Executive Director Erin Guerrero wrote in her statement, “urges California amusement park governors to quickly issue amusement park guidelines so that these important community attractions can reopen their doors in a responsible way and provide residents with work.” But get back. ”
Disneyland and other area parks closed in March as coronoviruses hit California hard. Since then at least twice, Newsom has said that the state was working with the parks to create guidelines to reopen. The last time he mentioned it, the governor said that the sides were close.
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The CAPA statement on Monday indicated that the parks are ready, “In those six months, a detailed plan has been drawn up to reopen the park — they lack capacity, face-covering requirements, stronger for guests and staff.” Health and safety protocols are included, and significant amendments to support physical disturbances. ”
What’s more, CAPA indicates parks are more Compared to some areas already open. “These practices will promote health and safety in ways that are not currently involved in many of California’s activities.”
For example, in Orange County where many of these parks are restaurants, movie theaters and places of worship, indoor operations can resume at 25% capacity or 100 people, whichever number is lower. Indoor shopping malls, swap meets and retail stores can open at 50% capacity.
Of course, such a move by Newsom will probably require modification to its recently released four-tier color system, which has already caused a bit of confusion.
While there is no guidance for theme parks and other such attractions at this point, the general guidance of the state on reopening indicates the level of an activity or occupation as to whether it could be:
– Physical distance between individuals of different houses
Select the number of people per square foot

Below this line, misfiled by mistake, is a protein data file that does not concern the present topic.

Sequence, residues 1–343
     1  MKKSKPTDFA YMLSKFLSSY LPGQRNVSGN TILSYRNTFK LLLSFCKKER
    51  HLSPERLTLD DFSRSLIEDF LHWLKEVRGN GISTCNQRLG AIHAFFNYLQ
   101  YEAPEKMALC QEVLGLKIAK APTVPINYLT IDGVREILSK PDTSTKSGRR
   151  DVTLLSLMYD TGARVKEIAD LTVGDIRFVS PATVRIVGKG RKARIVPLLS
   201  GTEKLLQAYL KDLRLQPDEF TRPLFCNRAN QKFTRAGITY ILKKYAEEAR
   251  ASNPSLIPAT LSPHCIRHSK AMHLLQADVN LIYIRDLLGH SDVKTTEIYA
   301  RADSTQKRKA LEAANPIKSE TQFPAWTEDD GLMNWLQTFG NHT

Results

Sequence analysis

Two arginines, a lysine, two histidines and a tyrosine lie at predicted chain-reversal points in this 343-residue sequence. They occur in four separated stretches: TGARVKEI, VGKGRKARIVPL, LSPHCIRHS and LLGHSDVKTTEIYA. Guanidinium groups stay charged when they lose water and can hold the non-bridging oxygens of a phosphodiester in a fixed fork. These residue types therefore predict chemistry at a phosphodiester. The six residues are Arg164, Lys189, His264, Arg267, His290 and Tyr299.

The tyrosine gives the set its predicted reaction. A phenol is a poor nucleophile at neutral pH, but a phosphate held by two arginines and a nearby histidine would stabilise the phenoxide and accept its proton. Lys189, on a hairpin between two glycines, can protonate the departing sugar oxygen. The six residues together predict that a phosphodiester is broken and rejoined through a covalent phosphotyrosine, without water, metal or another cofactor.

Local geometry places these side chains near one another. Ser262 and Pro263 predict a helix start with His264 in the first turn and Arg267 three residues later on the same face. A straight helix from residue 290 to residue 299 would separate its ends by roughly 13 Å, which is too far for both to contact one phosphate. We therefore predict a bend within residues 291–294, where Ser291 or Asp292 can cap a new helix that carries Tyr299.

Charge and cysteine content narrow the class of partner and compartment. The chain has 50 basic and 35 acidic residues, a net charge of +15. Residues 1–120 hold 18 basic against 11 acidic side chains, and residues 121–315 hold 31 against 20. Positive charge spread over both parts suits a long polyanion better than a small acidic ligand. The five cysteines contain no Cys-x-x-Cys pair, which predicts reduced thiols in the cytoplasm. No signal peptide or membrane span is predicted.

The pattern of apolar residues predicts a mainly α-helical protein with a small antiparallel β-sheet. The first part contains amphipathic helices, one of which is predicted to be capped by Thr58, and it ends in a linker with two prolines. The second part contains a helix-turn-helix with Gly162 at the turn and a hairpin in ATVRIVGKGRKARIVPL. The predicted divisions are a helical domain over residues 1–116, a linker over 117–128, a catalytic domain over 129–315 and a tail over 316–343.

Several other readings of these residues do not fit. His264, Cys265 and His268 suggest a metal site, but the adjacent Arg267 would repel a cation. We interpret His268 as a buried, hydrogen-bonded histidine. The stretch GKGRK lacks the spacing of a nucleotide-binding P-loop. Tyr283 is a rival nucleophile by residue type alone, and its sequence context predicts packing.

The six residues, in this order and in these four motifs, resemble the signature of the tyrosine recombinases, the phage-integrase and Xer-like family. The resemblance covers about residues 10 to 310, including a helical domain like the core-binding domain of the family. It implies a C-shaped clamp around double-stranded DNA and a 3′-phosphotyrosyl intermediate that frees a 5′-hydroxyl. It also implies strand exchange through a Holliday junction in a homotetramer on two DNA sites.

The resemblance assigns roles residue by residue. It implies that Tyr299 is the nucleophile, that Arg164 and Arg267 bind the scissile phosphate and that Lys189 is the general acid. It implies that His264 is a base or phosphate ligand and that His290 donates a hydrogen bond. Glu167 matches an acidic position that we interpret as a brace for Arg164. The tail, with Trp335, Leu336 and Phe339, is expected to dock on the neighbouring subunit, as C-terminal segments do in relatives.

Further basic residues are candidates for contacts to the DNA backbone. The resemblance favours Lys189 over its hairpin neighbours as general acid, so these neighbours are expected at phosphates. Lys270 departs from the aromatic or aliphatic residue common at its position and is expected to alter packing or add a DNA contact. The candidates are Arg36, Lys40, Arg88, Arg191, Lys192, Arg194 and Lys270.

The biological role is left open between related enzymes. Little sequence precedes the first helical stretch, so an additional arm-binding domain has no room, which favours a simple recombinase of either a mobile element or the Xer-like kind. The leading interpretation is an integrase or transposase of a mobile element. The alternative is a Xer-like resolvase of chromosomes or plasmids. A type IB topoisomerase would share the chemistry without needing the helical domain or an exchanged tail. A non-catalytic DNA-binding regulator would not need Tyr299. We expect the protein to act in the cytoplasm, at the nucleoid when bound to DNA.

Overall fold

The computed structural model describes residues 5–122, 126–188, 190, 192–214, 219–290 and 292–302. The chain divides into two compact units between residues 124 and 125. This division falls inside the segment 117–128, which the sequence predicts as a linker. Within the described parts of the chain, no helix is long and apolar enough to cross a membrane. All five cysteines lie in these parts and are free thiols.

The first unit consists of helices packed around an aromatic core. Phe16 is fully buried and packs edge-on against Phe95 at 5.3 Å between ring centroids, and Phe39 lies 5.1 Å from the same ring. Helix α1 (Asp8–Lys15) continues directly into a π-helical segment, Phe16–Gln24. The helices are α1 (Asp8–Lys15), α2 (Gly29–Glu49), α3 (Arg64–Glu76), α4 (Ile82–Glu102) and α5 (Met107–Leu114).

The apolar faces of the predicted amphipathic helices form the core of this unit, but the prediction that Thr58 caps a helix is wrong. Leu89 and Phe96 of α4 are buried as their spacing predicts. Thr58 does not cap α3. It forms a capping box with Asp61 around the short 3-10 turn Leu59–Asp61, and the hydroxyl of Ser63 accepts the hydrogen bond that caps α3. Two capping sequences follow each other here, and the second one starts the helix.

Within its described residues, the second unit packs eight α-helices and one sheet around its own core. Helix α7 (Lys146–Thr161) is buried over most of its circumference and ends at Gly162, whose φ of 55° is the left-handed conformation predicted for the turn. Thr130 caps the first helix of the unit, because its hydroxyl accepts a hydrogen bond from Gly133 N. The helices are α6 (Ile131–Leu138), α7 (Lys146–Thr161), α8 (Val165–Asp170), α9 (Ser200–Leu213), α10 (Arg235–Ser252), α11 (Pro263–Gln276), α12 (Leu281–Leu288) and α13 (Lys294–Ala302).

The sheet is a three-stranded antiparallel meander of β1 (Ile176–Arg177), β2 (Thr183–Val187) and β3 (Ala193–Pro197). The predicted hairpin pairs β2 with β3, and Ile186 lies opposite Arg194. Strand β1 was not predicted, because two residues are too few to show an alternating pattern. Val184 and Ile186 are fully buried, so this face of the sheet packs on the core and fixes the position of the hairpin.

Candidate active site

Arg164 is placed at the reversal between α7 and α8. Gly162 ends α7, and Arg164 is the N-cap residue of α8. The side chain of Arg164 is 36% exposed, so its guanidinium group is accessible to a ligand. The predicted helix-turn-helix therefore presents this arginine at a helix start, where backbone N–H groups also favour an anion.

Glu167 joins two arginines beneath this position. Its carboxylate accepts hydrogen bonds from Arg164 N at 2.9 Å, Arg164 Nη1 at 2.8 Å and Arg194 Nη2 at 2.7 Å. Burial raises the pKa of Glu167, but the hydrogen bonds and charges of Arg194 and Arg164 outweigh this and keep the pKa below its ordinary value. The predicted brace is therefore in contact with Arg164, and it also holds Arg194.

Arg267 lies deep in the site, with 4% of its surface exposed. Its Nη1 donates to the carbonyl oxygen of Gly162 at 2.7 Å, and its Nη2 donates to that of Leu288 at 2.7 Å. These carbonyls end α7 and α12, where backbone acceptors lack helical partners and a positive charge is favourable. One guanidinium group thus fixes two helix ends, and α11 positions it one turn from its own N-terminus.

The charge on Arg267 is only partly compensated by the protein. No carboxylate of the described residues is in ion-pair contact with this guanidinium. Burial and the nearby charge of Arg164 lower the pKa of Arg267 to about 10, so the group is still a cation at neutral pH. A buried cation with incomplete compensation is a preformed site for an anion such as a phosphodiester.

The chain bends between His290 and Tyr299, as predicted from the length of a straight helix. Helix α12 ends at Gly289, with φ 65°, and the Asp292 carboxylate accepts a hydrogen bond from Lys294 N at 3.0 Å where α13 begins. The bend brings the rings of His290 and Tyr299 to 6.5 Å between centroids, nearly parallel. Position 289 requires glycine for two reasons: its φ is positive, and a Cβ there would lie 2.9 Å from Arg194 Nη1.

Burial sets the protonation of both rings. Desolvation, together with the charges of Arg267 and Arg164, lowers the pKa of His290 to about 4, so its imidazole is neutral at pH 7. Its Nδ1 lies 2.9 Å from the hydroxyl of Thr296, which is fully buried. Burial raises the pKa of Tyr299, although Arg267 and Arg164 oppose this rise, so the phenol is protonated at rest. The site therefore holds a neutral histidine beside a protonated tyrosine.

-Limit time that a person is on business or activity
– Reduce extension time
-Using people from different homes
-Limit amount of physical interaction of visitors / patrons
-Incroair airflow (such as outdoor or running windows and doors)
-Limit activities that are known to spread viruses (such as singing, screaming, and heavy breathing)
Many of those indicators will be difficult for the park, including physical distance, exposure time (30 minutes for Disneyland) and refrain from screaming or breathing heavily on the ride to induce both.
Disney Parks Experience and Products chairman Josh D’Amro said at the end of last month that the company had made progress on anti-Kovid measures using technology throughout the park.
D’Amaro also said, “As soon as a date and those guidelines are set, I can tell you, we are ready.”
Read the full CAPA statement below.
Because it is an industry that values safety six months ago, California’s amusement parks and attractions six months ago made the difficult decision to voluntarily close in response to COVID – and the effects have been devastating. The weight of tens of thousands of jobs hangs in the balance; Hundreds of tax revenues, supporting important local, state and federal programs, were lost; And local businesses that rely on entertainment continue to struggle with many closures permanently. In those six months, detailed plans were drawn up to reopen the parks – lacking capacity, covering face requirements, strong health and safety protocols for both guests and staff, and supporting physical distance Important modifications are included. These practices will promote health and safety, which are currently not included in many of California’s activities. However, to reopen, the parks require guidance from the state and this guidance is not forthcoming. As indicated by many open amusement parks in the United States and around the world, visiting an attraction would not be the same as COVID, but California’s amusement parks are set to reopen responsibly.